Creators: Kelly Marcel, Craig Silverstein
Cast: Jason O'Mara, Shelley Conn, Christine Adams
In 2149, when Earth is dying, an ordinary family is sent 85 million years into the past to join Terra Nova – a colony of humans looking to rebuild civilization and give mankind a second chance. It’s a premise that takes a good deal of suspension of disbelief, but once you’re able to look past that, you’re left with a show that features an excellent family dynamic, plus a fairly accurate representation of the Cretaceous period. Yes, the CGI left a lot to be desired, but the level of character development stood miles above many of FOX’s other offerings at the time. Perhaps the idea to make dinosaurs a regular part of a series with a television budget was too ambitious, but the show certainly knew how to handle character beats, and had the network had more faith in their writers, Terra Nova could have gone on provide viewers with years of entertainment.
Creators: Andrew Mogel, Jarrad Paul
Cast: Rob Lowe, Fred Savage, Mary Elizabeth Ellis
The first sitcom to make its way onto this list is The Grinder, which garnered plenty of buzz for featuring Fred Savage’s most significant live action television role since his stint as Kevin Arnold on The Wonder Years. The series followed a former hit TV series actor who believed that his time playing a lawyer in Hollywood qualified him to run his family’s real-life law firm after moving back to his small home town in Idaho. Fred Savage and Rob Lowe’s chemistry as brothers was off the charts, as were the laughs their interactions brought about, but unfortunately, as is often the case with FOX’s sitcoms, The Grinder got the axe and failed to make it past a single season.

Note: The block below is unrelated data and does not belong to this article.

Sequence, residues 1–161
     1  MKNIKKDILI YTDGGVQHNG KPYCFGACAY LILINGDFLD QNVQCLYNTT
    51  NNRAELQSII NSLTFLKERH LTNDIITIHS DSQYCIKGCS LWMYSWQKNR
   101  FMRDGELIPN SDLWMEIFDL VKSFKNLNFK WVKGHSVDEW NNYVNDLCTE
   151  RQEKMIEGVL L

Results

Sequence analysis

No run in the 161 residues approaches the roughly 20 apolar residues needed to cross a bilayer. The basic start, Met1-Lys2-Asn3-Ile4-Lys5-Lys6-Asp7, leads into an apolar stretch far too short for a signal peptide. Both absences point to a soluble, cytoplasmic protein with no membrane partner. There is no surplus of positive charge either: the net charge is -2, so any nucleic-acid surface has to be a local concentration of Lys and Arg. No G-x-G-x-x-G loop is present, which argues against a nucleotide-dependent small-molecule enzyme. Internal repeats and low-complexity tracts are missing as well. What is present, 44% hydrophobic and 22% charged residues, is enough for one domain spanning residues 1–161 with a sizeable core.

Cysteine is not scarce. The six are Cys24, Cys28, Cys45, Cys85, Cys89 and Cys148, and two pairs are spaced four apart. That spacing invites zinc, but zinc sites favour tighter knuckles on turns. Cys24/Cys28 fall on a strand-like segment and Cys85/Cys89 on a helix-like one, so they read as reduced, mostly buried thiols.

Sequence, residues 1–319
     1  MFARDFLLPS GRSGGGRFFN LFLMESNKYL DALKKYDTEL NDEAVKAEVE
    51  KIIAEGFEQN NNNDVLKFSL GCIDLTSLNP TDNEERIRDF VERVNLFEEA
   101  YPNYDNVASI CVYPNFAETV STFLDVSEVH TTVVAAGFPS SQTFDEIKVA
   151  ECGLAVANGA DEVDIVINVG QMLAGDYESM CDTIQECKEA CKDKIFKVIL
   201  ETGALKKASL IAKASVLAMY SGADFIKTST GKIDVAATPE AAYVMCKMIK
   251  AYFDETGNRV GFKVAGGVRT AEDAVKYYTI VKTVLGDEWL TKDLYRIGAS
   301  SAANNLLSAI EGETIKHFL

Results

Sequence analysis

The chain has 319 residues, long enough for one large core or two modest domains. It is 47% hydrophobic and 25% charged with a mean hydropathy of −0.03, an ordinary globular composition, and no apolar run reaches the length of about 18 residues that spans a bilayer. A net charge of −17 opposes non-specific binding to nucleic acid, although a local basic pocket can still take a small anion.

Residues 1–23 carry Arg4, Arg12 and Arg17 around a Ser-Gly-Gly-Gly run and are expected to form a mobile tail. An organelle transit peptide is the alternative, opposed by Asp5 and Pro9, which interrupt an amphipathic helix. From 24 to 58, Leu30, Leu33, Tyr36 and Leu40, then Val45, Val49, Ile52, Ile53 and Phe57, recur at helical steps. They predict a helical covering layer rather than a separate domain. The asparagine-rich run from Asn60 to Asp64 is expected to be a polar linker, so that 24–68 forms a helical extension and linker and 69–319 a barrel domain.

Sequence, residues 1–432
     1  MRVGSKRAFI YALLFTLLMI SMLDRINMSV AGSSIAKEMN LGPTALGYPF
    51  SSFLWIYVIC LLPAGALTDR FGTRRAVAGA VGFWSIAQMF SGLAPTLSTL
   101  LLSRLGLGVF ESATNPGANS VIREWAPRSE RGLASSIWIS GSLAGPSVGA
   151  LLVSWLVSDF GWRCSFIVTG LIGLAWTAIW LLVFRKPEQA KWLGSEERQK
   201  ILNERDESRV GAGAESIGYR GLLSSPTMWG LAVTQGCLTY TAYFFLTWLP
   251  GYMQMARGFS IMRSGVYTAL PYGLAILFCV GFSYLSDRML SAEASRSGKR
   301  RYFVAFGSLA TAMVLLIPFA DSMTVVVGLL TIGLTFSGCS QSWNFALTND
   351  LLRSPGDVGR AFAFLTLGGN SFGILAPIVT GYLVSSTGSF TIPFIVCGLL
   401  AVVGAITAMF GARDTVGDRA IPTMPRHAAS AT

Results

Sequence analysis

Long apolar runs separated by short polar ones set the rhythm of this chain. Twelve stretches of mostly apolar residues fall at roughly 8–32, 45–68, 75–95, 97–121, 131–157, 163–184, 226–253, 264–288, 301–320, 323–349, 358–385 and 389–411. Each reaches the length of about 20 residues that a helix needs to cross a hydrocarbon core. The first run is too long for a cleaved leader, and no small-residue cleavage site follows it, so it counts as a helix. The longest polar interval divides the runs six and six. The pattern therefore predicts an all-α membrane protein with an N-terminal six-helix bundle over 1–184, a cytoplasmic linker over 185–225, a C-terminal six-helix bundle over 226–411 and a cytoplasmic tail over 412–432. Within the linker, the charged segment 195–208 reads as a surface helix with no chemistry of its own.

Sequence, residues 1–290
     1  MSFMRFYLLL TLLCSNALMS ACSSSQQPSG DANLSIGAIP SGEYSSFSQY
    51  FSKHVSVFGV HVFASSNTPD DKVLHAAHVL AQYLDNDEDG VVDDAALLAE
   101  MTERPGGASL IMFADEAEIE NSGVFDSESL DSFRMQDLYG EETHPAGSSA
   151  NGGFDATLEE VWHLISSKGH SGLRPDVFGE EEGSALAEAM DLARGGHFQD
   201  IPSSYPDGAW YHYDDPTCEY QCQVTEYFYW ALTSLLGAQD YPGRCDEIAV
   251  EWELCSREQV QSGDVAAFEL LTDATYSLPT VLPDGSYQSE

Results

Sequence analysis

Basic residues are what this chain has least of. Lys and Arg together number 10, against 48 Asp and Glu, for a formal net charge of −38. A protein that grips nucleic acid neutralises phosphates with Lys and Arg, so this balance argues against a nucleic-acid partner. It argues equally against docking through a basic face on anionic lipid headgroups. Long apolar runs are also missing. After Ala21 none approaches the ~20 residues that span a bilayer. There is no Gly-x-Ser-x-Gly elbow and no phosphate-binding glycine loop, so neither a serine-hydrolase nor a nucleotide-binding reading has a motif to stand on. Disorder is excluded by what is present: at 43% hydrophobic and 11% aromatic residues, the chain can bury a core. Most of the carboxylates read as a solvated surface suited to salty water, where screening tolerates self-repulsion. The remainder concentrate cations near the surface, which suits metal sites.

Creators: Bryan Fuller, Todd Holland
Cast: Caroline Dhavernas, Katie Finneran, Tyron Leitso
Bryan Fuller is the man behind such cult classic television shows as Pushing Daisies, Dead Like Me, and Hannibal, but while each of those managed to last more than one season (Hannibal leads the pack with three), Wonderfalls never made it past its inaugural 14-episode run. The show focused on a sales clerk named Jaye Tyler, who received otherworldly messages from objects shaped as animals that guided her to help those around her. The writing was witty, the acting was superb, and the visual effects were incredibly well-rendered for network television, but FOX’s decision to air the first four episodes out-of-order and to place the series in incredibly poor time slots made it easy to see why the show wasn’t renewed for a second season. Still, it’s no less heartbreaking for fans of this quirky, whimsical breath of fresh air.
My So-Called Life
Creator: Winnie Holzman
Cast: Bess Armstrong, Wilson Cruz, Claire Danes, Jared Leto
Widely considered one of the greatest teenage dramas of all time, My So-Called Life explored the trials and tribulations of a 15-year-old girl, tackling everything from friends, boys, parents, and school, all in raw, visceral form. Despite receiving lukewarm ratings back in the mid-‘90s, the series lives on as in internet fandoms, and its messages remain timeless. It presented real-life situations in morally relative ways, with nothing being either strictly black or strictly white. To this day, no show has managed to deal with adolescence as brilliantly as My So-Called Life.